Yet for those who have the luxury of not worrying about money this is the ideal time to mindfully set yourself up to be much more in a state of allowance, noting what comes up and what then you are using your energy to accomplish. I don’t say that this is actually easy, because we are used to a high degree of structure in our lives.

I just spoke to a friend of mine today who needed $35,000 to pay taxes. He is a day trader but normally does not expose himself to that many contracts, meaning that usually he makes or loses $2,000 to $3,000 during a day.  He told me that for some reason he just decided to take a much large exposure. He allowed that feeling to guide him.  He earned the $35,000 he needed. He said he even thought about more and asked me how I thought it would have gone. My thoughts were that he needed the $35,000. Beyond that I feel the deck might have been stacked against him.

What do you think?

If You Want To Be Really Selfish Learn To Forgive

Posted in Uncategorized on September 10th, 2011 by Sandy – Be the first to comment

"Hell no. Forget about forgiveness"

If ever we needed to muster creativity in our decision making posture this might be it.

I know this sounds kind of crass, but you’ll see what I mean in a second. There is a very good article by Judith Orloff dealing with forgiveness on the Huffington Post. The only real problem with the article is that it is too subtle. It is like being young and going to church when you really didn’t want to be there and hearing a sermon on forgiveness. I feel like one needs to put it into the proper perspective.  When you really feel done in by someone revenge or getting even can be an all consuming thought. In fact it can be so consuming that it produces a cascade of chemicals, the kind that you can feel just churn in your gut. The problem in a nutshell is that these chemicals just keep flowing and you can feel the toxicity just building. Deep inside you know there is damage going on, kind of like being fire bombed, but still the anger prevails. I know I have been there and I bet you have too. Having said that  I am saying that you have to detach from that state just long enough to see yourself poisoning yourself. In that detached state, and I think this is really where you have to be, you can say to yourself, ” I really need to turn the tap off on these toxic chemicals. What do I do to stop it? This is the forgiveness portal. It is really about you, not the person who has done you wrong.  Once you  can forgive then the toxins stop flowing. The hat trick is to really understand that. And this is the reason I say you have to be want to be really selfish, but how? read more »

What To Do If A Big Idea Is Tugging At You: The Two Edged Sword.

Posted in Uncategorized on August 16th, 2011 by Sandy – Be the first to comment
What to do if A Big Idea Is Tugging At You

Peter French photo of Wright house in Hawaii

This is often one of the biggest decisions we have to make from time to time. It calls for all of our creative and intuitive decision making courage.

Often it is a very powerful urge to go and do something like be a teacher in a foreign country or pursue a  compelling idea that you have no idea how to pull off. You know deep down inside that this is important  and if you let it go you know you will feel empty for not having tried.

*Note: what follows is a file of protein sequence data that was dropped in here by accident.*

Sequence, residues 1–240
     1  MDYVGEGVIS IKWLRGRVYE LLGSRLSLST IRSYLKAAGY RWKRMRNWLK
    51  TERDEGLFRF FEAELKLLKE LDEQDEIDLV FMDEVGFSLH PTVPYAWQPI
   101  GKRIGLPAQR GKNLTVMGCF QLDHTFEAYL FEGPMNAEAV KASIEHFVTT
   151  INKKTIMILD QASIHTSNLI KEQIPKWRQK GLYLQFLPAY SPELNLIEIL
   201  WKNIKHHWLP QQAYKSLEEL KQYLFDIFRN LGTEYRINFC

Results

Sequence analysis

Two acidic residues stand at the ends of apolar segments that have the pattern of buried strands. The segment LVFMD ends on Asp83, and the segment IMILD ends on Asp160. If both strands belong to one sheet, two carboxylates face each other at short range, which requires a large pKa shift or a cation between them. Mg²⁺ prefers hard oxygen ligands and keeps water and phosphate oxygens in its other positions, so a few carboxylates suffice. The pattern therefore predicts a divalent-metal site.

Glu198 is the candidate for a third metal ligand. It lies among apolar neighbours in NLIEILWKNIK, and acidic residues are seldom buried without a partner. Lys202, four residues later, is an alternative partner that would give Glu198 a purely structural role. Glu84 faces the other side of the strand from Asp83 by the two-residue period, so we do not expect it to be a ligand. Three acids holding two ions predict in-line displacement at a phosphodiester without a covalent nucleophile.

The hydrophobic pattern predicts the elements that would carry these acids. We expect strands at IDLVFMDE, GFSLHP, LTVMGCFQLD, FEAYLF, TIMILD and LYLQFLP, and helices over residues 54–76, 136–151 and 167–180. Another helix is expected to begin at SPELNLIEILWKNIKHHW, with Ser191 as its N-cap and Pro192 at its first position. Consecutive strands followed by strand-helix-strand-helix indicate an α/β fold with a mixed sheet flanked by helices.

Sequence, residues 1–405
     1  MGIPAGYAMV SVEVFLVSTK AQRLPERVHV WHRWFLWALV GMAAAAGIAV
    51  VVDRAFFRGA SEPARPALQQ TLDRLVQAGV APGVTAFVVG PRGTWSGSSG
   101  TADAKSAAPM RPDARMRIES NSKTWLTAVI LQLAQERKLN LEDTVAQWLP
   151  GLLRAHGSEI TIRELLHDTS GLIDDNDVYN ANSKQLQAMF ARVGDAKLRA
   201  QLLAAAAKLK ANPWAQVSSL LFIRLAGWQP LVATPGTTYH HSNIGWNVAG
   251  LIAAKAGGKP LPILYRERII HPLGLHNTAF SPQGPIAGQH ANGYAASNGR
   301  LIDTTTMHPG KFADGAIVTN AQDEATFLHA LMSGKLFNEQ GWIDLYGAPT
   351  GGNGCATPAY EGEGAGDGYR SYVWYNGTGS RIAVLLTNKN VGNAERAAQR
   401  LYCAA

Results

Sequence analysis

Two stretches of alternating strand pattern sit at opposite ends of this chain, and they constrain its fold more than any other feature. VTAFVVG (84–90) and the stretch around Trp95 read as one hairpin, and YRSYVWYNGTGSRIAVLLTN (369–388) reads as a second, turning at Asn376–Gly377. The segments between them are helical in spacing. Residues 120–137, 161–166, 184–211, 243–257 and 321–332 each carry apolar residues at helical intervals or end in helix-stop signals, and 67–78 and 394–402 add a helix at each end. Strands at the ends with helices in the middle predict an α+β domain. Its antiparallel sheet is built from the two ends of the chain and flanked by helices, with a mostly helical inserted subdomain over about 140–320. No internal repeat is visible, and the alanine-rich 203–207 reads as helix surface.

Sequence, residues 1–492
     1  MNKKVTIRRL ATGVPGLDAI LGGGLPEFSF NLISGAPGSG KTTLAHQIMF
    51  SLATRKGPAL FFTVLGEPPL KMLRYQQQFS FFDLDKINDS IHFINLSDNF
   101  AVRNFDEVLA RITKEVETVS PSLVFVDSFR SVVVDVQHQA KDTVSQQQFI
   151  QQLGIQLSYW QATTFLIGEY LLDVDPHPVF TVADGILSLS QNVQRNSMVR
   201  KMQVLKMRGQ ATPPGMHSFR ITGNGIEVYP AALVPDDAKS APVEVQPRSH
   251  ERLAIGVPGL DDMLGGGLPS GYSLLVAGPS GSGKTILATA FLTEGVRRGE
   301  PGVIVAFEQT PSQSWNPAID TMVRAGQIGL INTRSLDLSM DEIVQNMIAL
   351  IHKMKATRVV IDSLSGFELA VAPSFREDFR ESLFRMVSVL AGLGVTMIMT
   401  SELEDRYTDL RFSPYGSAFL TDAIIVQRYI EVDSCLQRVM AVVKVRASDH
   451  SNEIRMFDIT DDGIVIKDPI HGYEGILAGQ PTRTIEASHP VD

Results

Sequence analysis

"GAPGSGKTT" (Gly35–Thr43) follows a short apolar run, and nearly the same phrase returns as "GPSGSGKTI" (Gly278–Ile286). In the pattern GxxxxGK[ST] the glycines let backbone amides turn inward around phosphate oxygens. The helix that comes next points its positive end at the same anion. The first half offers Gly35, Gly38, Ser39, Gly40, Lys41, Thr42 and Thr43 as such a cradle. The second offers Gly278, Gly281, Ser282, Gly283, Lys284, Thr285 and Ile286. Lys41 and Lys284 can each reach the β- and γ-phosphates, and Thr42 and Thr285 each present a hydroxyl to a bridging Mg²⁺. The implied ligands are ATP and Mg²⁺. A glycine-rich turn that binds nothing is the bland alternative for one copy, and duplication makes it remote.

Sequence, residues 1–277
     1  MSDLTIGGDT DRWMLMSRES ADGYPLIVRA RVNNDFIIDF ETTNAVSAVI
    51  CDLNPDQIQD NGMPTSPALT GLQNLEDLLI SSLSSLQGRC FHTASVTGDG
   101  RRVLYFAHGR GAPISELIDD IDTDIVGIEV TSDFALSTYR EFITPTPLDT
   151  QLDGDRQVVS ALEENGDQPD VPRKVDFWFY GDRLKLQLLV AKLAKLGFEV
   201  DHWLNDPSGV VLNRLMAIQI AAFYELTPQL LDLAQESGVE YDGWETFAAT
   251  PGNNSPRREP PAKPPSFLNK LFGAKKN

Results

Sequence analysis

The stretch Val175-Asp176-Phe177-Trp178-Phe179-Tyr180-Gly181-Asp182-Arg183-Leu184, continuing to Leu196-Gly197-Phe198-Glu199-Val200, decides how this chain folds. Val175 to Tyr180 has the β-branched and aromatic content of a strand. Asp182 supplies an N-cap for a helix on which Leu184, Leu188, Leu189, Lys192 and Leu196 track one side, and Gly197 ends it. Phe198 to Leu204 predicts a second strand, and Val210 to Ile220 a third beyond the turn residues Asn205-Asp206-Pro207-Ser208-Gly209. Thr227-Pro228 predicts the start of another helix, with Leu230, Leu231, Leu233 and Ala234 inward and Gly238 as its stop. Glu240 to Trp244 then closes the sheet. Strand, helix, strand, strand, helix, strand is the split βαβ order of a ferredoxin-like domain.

This is what some refer to as a “Calling” or in Joseph Campbell’s terms “The Hero’s Journey.”  This is a pattern that its proponents argue is found in many narratives in one sense meaning that it is a deep seated archetypal pattern that repeats itself in many cultures.

The elements of the call are set forth in the diagram above. Basically there is the compelling idea and draw, the fear of  the unknown, the willingness to jump into the void, the challenges as you move forward, helpers who show up, some kind of transformational experience and the return with some boon of knowledge and wisdom.

But why do I call this the two edged sword?Because if you hear the call then there is the equally important flip side referred to as “refusal of the call.” Mythology is rife with examples of what happens to those who refuse the call too long or do not take it seriously.  According to Campbell refusal of the summons converts the adventure into its negative-walled in boredom, hard work,  disappointments etc. The subject loses the power of significant affirmative action, becomes a victim and his world becomes a wasteland and meaninglessness.

I am writing about this  because it has happened to me several times in life and  was triggered by the recent blog by life coach Tora Mohr entitled “7 Ways to Discover the calling Oprah Told You To Find.”

In other words if you respond to Oprah’s inducement and search for the call then you must also be willing to answer it.

So in one sense there is a reward for venturing out even if you have no idea how it will all come together, but  there is a penalty for refusing the call once you hear it.

Sometimes we receive a number of calls. Not all big, but nevertheless still meaningful and rewarding. For example I knew from the moment I got off the plane in Honolulu, having been sent there by the military, that I would move heaven and earth to make that my future home.  It was my idea of paradise, one that most people only thought about as that once in a life time vacation spots. I knew that if I could gain a foothold there I would feel eminently successful no matter what I did. I bought a one way ticket after grad school and did exactly that.

I have written a recent book about my own callings and of course one is embedded in the title, “How Frank Lloyd Got Into My Head Under My Skin And Changed The Way I Think About Thinking.” I had a big idea with no real qualifications to consummate, but began the journey.

Perhaps in these times of significant change when all looks uncertain it is precisely the time to discover your calling and go for it.  There is magic in the process. It is the kind of decision making that promises to usher in a richer and fuller life.

I would love to hear about your opinions and experiences on this subject.